15She said to him, ‘How can you say you love me when you do not confide in me? This is the third time you have made a fool of me and have not told me what gives you your great strength.’ 16She so pestered him with these words day after day, pressing him hard and wearying him to death, 17that he told her the whole secret. ‘No razor has touched my head,’ he said, ‘because I am a Nazirite, consecrated to God from the day of my birth. If my head were shaved, then my strength would leave me, and I should become no stronger than any other man.’

18Delilah realized that he had told her his secret, and she sent word to the lords of the Philistines: ‘Come up at once,’ she said; ‘he has told me his secret.’ The lords of the Philistines came, bringing the money with them. 19She lulled Samson to sleep on her lap, and then summoned a man to shave the seven locks of his hair. She was now making him helpless. When his strength had left him, 20she cried, ‘Samson, the Philistines are upon you!’ He woke from his sleep and thought, ‘I will go out as usual and shake myself’; he did not know that the LORD had left him. 21Then the Philistines seized him, gouged out his eyes, and brought him down to Gaza. There they bound him with bronze fetters, and he was set to grinding grain in the prison. 22But his hair, after it had been shaved, began to grow again.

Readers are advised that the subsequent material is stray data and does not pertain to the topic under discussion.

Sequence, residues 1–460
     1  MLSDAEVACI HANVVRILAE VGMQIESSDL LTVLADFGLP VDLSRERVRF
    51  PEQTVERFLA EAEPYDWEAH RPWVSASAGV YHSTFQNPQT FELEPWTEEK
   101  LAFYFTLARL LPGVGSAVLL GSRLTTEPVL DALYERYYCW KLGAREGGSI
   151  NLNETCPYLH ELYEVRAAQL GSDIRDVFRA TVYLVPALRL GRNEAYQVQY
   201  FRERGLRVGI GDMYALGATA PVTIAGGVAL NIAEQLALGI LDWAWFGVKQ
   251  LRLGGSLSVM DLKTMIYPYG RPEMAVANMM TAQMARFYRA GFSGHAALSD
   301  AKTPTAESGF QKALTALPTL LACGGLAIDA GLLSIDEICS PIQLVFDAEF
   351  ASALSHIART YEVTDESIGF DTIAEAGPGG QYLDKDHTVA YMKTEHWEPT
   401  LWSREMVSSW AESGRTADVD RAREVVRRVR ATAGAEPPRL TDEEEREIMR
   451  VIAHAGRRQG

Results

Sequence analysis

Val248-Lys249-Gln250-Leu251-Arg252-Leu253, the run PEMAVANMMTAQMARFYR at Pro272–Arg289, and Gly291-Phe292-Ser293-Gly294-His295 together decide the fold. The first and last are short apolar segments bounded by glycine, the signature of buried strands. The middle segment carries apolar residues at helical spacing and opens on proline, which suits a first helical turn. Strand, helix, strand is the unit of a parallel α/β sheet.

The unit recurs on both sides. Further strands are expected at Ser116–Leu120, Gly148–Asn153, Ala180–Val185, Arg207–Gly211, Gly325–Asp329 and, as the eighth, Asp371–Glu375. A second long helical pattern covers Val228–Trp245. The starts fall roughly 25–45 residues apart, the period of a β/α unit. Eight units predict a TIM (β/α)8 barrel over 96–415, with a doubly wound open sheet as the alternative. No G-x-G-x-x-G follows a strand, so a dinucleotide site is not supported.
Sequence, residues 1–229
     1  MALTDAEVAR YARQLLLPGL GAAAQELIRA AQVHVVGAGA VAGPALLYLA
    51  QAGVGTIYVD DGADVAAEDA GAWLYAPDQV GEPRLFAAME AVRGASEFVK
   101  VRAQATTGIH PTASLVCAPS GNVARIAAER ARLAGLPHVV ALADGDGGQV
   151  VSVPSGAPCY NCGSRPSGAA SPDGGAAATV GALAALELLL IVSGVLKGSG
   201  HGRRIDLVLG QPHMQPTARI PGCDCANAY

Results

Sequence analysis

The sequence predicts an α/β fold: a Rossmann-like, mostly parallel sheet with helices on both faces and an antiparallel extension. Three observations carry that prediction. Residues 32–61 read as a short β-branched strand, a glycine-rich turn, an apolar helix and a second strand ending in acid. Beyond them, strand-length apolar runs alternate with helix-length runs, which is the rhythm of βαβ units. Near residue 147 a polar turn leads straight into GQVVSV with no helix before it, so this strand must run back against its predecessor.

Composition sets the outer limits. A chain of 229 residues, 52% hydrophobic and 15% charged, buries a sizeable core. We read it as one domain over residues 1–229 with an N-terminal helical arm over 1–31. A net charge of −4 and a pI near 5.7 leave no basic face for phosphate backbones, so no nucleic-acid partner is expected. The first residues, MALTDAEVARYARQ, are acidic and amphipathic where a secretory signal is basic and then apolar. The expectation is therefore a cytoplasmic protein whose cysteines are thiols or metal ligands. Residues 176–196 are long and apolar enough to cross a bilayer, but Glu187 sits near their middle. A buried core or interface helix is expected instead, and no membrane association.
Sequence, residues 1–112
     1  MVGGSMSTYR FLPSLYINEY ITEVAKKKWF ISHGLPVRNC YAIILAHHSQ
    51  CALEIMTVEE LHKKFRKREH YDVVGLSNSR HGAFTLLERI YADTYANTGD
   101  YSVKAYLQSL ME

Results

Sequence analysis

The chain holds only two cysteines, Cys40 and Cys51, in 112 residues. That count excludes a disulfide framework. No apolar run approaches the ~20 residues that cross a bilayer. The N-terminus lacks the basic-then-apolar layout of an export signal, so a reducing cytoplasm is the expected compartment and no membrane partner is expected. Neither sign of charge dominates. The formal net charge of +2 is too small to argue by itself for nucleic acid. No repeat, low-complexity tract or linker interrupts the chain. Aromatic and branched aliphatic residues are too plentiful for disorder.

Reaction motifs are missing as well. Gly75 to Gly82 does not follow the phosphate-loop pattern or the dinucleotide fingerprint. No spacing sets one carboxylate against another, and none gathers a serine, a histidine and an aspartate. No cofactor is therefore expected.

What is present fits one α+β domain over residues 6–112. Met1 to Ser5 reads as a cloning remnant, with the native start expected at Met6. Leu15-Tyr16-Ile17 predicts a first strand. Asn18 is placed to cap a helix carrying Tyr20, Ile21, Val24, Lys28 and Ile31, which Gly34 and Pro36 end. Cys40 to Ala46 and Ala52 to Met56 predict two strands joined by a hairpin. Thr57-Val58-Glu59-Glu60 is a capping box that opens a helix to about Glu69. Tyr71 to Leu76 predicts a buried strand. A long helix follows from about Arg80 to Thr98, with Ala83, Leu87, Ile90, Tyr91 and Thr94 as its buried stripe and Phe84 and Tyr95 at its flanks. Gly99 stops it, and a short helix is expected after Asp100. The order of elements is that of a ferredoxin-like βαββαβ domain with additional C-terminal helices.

23The lords of the Philistines assembled to offer a great sacrifice to their god Dagon, and to rejoice and say,

‘Our god has delivered into our hands Samson our enemy.’

24The people, when they saw him, praised their god, chanting:

‘Our god has delivered our enemy into our hands, the scourge of our land who piled it with our dead.’

25When they grew merry, they said, ‘Call Samson, and let him entertain us.’ When Samson was summoned from prison, he was a source of entertainment to them. They then stood him between the pillars, 26and Samson said to the boy who led him by the hand, ‘Put me where I can feel the pillars which support the temple, so that I may lean against them.’ 27The temple was full of men and women, and all the lords of the Philistines were there, and there were about three thousand men and women on the roof watching the entertainment.

28Samson cried to the LORD and said, ‘Remember me, LORD GOD, remember me: for this one occasion, God, give me strength, and let me at one stroke be avenged on the Philistines for my two eyes.’ 29He put his arms round the two central pillars which supported the temple, his right arm round one and his left round the other and, bracing himself, 30he said, ‘Let me die with the Philistines.’ Then Samson leaned forward with all his might, and the temple crashed down on the lords and all the people who were in it. So the dead whom he killed at his death were more than those he had killed in his life.